Here's What's Good and Bad About 'Suicide Squad'

Here's What's Good and Bad About 'Suicide Squad'

Aug 02, 2016

Full disclosure, Suicide Squad was among my top three most anticipated movies of the year. Not just the summer -- the whole year. It was a risky movie dropped into a year full of riskier comic book films meant to help reinvent a genre that's trying to remain on top when it comes to box office and fan anticipation. Here was this movie that was solely about the villains, and not the heroes. Toss in an exciting, diverse cast and a few deliciously badass trailers, and it's no wonder Suicide Squad is poised to break all kinds of box office records when it hits theaters this week.

But is it any good?

Well... ultimately that'll be for you to decide, but here are some of the film's pros and cons to get the conversation started.

 

Pro: A terrific ensemble

The big selling point on Suicide Squad is that it's the first comic book movie solely about villains, but the greatest thing about this film is its groundbreaking diverse ensemble, led by Margot Robbie (Harley Quinn), Will Smith (Deadshot), Viola Davis (Amanda Waller), Jai Courtney (Boomerang), Jared Leto (Joker), Jay Hernandez (El Diablo), Adewale Akinnuoye-Agbaje (Killer Croc), Cara Delevingne (Enchantress) and more.

The cast is the most ethnically diverse that we've seen in any of the modern comic book movies, and the moments when they're together -- going all-in on their respective character's personalities -- are among the best of the film. This is a true ensemble film that works best when it features the ensemble, whether they're hanging out at a bar or fighting their way through an army of other-wordly zombie-like bad guys. Suicide Squad's best scenes are the ones with, well, the Suicide Squad.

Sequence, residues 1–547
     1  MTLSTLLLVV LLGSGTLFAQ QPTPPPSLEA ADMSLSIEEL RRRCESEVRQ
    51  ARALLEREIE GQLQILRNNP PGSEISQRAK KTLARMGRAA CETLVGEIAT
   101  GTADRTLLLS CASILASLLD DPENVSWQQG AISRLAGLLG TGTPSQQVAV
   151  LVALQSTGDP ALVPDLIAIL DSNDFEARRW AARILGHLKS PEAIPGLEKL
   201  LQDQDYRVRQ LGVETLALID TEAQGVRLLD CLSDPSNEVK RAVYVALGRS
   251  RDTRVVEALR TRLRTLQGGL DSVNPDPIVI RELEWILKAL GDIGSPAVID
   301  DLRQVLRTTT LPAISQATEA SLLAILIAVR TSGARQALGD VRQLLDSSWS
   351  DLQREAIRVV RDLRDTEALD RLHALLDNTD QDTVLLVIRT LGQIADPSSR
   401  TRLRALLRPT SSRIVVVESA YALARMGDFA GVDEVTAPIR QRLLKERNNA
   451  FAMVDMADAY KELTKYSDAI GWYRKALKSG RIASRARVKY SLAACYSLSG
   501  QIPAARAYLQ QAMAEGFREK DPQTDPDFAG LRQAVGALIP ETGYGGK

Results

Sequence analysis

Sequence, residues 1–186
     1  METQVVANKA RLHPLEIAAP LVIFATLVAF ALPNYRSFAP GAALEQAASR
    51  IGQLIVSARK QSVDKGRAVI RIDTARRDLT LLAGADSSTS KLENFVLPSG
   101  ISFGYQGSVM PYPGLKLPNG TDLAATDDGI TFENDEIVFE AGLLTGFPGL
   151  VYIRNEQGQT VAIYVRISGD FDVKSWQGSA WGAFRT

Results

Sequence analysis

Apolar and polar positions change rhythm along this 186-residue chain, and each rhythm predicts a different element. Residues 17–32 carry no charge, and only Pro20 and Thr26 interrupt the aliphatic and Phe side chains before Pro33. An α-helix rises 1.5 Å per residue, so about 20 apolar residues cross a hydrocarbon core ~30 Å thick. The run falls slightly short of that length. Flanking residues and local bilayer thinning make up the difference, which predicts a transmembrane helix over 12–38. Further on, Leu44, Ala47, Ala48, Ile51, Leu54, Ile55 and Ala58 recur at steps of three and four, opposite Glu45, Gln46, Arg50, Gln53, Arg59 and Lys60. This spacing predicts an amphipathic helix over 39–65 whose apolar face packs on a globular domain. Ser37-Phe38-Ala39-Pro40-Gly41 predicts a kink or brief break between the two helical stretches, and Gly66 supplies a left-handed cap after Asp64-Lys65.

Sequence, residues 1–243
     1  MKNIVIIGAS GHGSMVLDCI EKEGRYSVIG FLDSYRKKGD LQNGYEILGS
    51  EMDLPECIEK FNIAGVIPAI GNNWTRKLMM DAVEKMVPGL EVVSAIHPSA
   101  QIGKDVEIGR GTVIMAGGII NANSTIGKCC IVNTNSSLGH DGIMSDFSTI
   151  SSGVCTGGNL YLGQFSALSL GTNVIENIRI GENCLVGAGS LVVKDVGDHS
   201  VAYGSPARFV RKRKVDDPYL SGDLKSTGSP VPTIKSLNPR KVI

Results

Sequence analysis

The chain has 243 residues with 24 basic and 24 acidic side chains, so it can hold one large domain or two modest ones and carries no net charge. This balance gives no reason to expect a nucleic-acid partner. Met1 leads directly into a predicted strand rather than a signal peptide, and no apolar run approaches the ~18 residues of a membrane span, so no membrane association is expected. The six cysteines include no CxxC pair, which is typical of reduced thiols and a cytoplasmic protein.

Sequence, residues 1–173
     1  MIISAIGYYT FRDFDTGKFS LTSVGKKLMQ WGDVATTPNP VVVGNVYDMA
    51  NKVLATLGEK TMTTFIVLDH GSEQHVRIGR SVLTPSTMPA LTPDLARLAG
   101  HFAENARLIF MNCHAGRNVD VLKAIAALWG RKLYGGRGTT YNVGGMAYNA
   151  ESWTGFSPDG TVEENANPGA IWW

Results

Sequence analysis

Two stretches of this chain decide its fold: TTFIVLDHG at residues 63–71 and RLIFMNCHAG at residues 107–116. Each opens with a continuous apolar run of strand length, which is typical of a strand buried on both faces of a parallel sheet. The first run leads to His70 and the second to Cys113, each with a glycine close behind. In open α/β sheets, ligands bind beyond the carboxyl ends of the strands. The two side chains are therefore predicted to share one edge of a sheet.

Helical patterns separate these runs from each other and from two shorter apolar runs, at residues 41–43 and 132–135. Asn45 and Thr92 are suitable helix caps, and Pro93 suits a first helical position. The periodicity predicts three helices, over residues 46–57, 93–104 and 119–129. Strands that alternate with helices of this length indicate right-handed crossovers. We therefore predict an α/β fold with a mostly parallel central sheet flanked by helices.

Con: It takes too long to get us there

There's a terrific moment where Smith's Deadshot is trying to get Hernandez's El Diablo to help the team out and use the fire-wielding powers he had retired following a tragic accident involving those closest to him. It works great, but it's late in the film. Everything that's fun about the movie happens late in the game because it takes such a long time to set up the primary characters and their backstories and the formation of the team.

Honestly there is so much extraneous material stuffed into this bad boy that it takes away from what we're actually there to see -- a group of bad guys kicking ass. Backstory is necessary, yes, because it helps you better invest in a film's central characters, but in this case it's the execution that feels sloppy and mismanaged. There's no flow to it. No ride. Just a lot of starts and stops.

 

Con: Are they villains or heroes?

Not that it doesn't have a purpose. Many of the leads, like Harley, Deadshot, El Diablo and Joel Kinnaman's Rick Flag, are all given emotionally-charged backstories in the hopes you're more invested in their characters as good guys versus bad guys.

And it's pretty tearjerk-y stuff, especially in the case of Deadshot and the little daughter he so desperately wants to reconnect with, but it does feel like a cop out in ways. Here is a movie about villains that act way more like the heroes we've already seen in other comic book movies. With the exception of Killer Croc, who's immensely enjoyable and ridiculous as this gangsta croc badass, the film could've backed off the sappy love stories a bit more in favor of additional ensemble moments. Not that sappy can't work in a movie like this, but with such a big ensemble those elements are gonna take a hit and not feel as meaningful as the film wants them to be.